Are America's Schools Failing … or Thriving?

An article published in the American Journalism Review last week by Paul Farhi argues that despite the popular narrative, America’s schools aren’t doing so badly. He writes:

Some schools are having a difficult time educating children – particularly children who are impoverished, speak a language other than English, move frequently or arrive at the school door neglected, abused or chronically ill. But many pieces of this complex mosaic are quite positive. First data point: American elementary and middle school students have improved their performance on the Trends in International Mathematics and Science Study every four years since the tests began in 1995; they are above the international average in all categories and within a few percentage points of the global leaders (something that few news reports mention). Second data point: The number of Americans with at least some college education has soared over the past 70 years, from 10 percent in 1940 to 56 percent today, even as the population has tripled and the nation has grown vastly more diverse. All told, America’s long-term achievements in education are nothing short of stunning.

The Downside of Living in a Need-to-Know World

I like keeping up with things, large and small, as much as the next person.

Or maybe I don’t. That’s what I’m trying to figure out.

As someone who’s done a lot of journalism, I certainly have an appetite for being first with a story. In fact, most of the journalism I’ve written was stuff that no one else was writing about. But there’s a big difference between looking off the beaten path and trying to land a scoop within a beat that 100 other journalists are covering. I was never much into that. I understand that news organizations value the scoop but I do question how valuable such scoops really are — especially these days, when the first-mover often gets drowned out by the 1,000 who follow.

But lately I’ve been thinking about the information flow from the demand side rather than the supply side.

Pew Study: People Undervalue Their Local Newspaper

A new research report from the Pew Research Center reveals that while Americans get their local news from a variety of different sources, they far undervalue their local paper as a major source of that news. Authors Tom Rosenstiel, Amy Mitchell, Kristen Purcell and Lee Rainie write:

In all, the data in a new national survey show that the majority (64%) of American adults use at least three different types of media every week to get news and information about their local community—and 15% rely on at least six different kinds of media weekly.

The most interesting statistic is the mixed messages that people send about their local newspaper. While 69 percent of Americans claim that losing their local newspaper would have no impact, their reading habits show that people rely on print and online papers for 11 out of 16 major news topics. The authors write: “In other words, local TV draws a mass audience largely around a few popular subjects; local newspapers attract a smaller cohort of citizens but for a wider range of civically oriented subjects.”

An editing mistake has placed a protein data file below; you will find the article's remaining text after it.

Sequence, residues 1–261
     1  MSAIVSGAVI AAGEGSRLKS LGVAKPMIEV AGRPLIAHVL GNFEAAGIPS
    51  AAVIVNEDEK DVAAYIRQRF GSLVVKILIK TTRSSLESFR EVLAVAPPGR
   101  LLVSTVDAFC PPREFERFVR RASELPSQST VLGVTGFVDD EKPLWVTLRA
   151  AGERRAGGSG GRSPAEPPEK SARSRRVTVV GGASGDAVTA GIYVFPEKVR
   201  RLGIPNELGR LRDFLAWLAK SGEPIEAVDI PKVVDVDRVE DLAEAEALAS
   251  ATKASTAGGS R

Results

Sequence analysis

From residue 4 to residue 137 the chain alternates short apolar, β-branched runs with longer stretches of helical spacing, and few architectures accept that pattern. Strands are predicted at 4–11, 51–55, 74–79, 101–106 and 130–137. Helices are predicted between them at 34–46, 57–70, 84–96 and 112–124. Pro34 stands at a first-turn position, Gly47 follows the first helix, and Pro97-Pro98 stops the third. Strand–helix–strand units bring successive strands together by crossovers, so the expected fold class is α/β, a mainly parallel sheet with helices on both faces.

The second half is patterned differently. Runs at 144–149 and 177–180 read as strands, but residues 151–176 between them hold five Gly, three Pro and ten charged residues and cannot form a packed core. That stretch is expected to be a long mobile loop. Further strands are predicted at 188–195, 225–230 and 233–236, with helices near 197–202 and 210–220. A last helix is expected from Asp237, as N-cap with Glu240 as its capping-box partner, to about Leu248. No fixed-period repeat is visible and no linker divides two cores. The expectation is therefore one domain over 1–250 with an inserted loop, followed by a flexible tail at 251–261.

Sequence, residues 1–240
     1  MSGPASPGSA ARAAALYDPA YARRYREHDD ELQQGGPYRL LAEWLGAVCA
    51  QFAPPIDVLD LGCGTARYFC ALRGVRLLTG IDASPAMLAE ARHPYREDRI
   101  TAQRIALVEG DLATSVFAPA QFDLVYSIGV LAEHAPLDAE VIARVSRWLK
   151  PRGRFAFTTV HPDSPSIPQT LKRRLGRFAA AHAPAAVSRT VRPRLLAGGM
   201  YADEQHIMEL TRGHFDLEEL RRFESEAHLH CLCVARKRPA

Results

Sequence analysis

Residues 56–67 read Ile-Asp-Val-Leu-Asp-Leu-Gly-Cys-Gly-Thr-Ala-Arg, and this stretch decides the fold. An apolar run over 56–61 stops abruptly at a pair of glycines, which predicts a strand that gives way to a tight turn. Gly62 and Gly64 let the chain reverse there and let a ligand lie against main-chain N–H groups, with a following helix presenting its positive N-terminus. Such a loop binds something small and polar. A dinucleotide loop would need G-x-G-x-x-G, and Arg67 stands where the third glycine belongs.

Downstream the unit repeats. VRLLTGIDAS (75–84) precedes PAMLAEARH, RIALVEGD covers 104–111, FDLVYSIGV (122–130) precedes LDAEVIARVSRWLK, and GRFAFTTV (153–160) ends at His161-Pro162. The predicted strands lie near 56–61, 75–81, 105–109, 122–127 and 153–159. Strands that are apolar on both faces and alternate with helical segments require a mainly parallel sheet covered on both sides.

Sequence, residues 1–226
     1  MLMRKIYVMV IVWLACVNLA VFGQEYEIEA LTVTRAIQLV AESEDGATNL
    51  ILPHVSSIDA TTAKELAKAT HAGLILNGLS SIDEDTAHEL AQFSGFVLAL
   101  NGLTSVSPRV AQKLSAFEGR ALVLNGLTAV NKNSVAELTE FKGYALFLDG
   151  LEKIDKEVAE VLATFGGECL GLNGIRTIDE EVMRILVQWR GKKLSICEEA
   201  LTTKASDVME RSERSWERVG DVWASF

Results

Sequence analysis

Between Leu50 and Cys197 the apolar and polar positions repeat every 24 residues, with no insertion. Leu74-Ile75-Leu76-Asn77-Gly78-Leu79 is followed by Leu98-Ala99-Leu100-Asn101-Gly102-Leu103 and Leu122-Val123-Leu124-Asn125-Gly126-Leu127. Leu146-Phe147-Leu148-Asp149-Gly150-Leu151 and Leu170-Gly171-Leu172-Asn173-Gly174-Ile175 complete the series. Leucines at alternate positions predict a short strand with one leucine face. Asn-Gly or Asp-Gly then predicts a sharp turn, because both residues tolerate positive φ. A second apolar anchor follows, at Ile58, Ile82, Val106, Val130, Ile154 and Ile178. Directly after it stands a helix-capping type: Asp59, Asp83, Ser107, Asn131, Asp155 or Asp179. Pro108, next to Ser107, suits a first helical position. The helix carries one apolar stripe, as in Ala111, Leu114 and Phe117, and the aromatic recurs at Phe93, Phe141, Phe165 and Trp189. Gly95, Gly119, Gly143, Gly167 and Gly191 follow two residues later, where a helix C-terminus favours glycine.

The Sportswriter Is a Pimp

Things have been rough in the journalism business of late — so rough that one veteran sportswriter felt he had to pursue an alternate career. An award-winning sportswriter for a paper in New Hampshire, has pleaded guilty to running a prostitution ring.

Transparency vs. Responsible Journalism

Annie Duke, the professional poker player and Rock Paper Scissors tournament winner, has a new internet show. A recent episode included appearances by Rafe Furst and Jason Calcanis, discussing privacy and responsible journalism in the face of the recent WikiLeaks scandals.

Super Sad Super Crunching

Gary Shteyngart’s new novel, Super Sad True Love Story (more here), paints a compelling but amazingly bleak picture of a future ravaged by the twin evils of predictive analytics and texting. Following the truly prescient Snow Crash, his characters are obsessively plugged into their “äppäräts,” souped-up versions of today’s app phones. (One of the funnier lines occurs when one character makes a disparaging reference to another character’s outmoded hand device, saying: “What is this, an iPhone?” (Kindle 1244).) Here is a world where credit scores, eHarmony-compatibility predictions and rankings are ubiquitously at hand. Characters routinely choose the reality of the shadows on their screen over the real world.

Why the Israeli Organ-Harvesting Story Is Probably False

A strange story has broken out in Sweden and Israel, with an article in Aftonbladet, a Swedish newspaper, by a journalist named Donald Bostrom.
According to The Times, Bostrom’s article “accuses the Israeli Army of harvesting organs from Palestinians wounded or killed by soldiers.”

What Does This Sad Story Say to You?